Fall in Love with Eric Newby

Love and War in the Apennines

Love and War in the Apennines by Eric Newby

My rating: 5 of 5 stars


Prior to seeing the collection of Eric Newby books at the bookstall at the Tavistock Pannier Market, I had never heard of him. I now realize two things: I should have purchased them all, and I am kind of smitten. In this memoir of being an POW in Italy during WWII and then a fugitive from the Germans after the Italian Armistice, he recounts what life on the run in Italy is like. It’s a pretty surreal experience. Not only does he meet his future wife, he is helped by many Italians who risk their lives and livelihoods to feed and shelter him when they themselves have so little. He writes with warmth and humor about those he met and his experiences in the Apennines.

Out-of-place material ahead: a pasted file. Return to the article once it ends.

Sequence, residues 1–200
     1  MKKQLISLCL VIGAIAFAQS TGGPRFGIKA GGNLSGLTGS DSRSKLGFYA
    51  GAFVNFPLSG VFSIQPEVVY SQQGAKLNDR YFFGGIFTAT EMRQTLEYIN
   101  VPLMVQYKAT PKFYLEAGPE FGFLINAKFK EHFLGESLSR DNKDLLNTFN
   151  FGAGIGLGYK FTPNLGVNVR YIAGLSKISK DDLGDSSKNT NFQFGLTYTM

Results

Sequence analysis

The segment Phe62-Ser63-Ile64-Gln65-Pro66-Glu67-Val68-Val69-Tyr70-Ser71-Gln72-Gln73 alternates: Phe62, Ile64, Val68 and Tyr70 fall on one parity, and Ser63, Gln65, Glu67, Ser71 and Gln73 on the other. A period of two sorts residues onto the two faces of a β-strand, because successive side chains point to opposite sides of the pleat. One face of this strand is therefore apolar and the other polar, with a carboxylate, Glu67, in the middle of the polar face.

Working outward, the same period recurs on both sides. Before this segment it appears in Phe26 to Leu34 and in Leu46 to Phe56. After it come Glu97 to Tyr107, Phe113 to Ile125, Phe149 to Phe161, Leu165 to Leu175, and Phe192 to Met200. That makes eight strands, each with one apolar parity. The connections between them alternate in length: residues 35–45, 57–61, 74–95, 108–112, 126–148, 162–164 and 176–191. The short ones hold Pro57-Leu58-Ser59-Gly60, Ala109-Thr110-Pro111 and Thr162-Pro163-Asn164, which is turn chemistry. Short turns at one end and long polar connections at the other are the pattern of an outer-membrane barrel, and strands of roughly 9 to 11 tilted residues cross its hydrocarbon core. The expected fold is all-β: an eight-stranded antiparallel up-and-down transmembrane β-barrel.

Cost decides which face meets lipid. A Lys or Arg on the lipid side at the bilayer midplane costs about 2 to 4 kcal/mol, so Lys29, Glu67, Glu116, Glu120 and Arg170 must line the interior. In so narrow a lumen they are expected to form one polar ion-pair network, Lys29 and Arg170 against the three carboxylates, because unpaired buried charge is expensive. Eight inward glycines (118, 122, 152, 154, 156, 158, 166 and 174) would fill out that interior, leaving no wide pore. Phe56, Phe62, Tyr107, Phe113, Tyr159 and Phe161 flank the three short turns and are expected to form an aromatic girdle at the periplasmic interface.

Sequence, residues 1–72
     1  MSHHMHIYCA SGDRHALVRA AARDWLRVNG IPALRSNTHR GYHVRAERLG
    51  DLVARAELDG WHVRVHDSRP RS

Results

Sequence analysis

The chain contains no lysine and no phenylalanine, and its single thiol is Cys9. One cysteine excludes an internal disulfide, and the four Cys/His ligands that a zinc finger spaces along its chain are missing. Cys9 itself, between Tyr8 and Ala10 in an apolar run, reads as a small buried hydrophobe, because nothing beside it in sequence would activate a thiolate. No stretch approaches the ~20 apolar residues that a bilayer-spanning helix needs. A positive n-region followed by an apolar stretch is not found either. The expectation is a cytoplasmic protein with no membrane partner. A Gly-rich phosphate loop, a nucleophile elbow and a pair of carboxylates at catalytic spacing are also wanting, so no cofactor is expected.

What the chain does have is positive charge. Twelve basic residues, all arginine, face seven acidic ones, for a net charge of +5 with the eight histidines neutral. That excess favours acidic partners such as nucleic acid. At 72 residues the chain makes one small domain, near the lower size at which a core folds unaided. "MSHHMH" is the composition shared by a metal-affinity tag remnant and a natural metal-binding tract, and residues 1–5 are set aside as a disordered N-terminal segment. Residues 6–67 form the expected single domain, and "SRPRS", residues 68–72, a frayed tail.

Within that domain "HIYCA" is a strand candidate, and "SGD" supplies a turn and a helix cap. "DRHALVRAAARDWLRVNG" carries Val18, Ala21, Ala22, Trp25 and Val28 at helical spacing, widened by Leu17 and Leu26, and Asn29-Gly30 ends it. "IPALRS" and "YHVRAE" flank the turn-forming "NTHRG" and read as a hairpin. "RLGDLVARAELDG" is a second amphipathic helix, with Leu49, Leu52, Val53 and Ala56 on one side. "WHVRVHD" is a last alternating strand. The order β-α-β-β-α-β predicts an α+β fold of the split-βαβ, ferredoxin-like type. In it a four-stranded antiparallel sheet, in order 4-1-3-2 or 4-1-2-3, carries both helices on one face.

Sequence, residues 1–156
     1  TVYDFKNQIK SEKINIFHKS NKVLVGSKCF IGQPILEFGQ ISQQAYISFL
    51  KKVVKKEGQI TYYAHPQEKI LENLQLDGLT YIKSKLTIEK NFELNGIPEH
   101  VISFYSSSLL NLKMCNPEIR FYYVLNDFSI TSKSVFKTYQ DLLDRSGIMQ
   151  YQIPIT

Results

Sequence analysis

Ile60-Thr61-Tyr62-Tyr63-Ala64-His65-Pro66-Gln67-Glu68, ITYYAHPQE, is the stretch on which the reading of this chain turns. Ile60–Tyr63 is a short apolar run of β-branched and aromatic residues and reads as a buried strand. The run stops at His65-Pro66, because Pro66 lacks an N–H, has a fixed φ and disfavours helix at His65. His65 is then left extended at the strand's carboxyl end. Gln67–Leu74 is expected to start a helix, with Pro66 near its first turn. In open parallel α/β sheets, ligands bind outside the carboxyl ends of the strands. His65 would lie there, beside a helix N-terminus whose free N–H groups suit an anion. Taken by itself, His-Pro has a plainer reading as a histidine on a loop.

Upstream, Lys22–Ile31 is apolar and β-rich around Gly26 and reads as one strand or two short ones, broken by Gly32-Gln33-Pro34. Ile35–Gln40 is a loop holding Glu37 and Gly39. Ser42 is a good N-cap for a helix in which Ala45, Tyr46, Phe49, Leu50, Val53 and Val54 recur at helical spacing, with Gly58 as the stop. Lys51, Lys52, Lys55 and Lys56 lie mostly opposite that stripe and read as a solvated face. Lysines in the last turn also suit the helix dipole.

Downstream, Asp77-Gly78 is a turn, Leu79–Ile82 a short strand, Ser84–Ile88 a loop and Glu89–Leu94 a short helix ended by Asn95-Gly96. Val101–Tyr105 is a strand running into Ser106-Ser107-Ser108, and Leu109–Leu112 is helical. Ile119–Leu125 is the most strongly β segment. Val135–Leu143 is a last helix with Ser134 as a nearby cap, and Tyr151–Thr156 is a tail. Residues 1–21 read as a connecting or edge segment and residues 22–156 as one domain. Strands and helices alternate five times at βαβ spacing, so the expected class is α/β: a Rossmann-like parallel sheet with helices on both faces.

I was not expecting this type of memoir. Normally when I think of POWs or people in hiding from the Germans, I think of terror and fear, of which there is quite a bit here, but I wasn’t expecting the humanity or the beauty of the mountains. Newby brings the setting to life to where I felt I was there. His writing and reflections reminded me of Laurie Lee’s “As I Walked Out One Summer Morning” and his descriptions of the Spanish people right before the Civil War. During the Spanish Civil War and WWII there were many people of the Resistance who helped people cross the Pyrenees, and while those journeys are written about, I have not read a first hand account of them and have wondered how such a journey is made. Newby fills in that gap with the Apennines. I was also not expecting this to be funny, and Newby has a wry sense of humor and finds the absurdity in many of the situations he is in.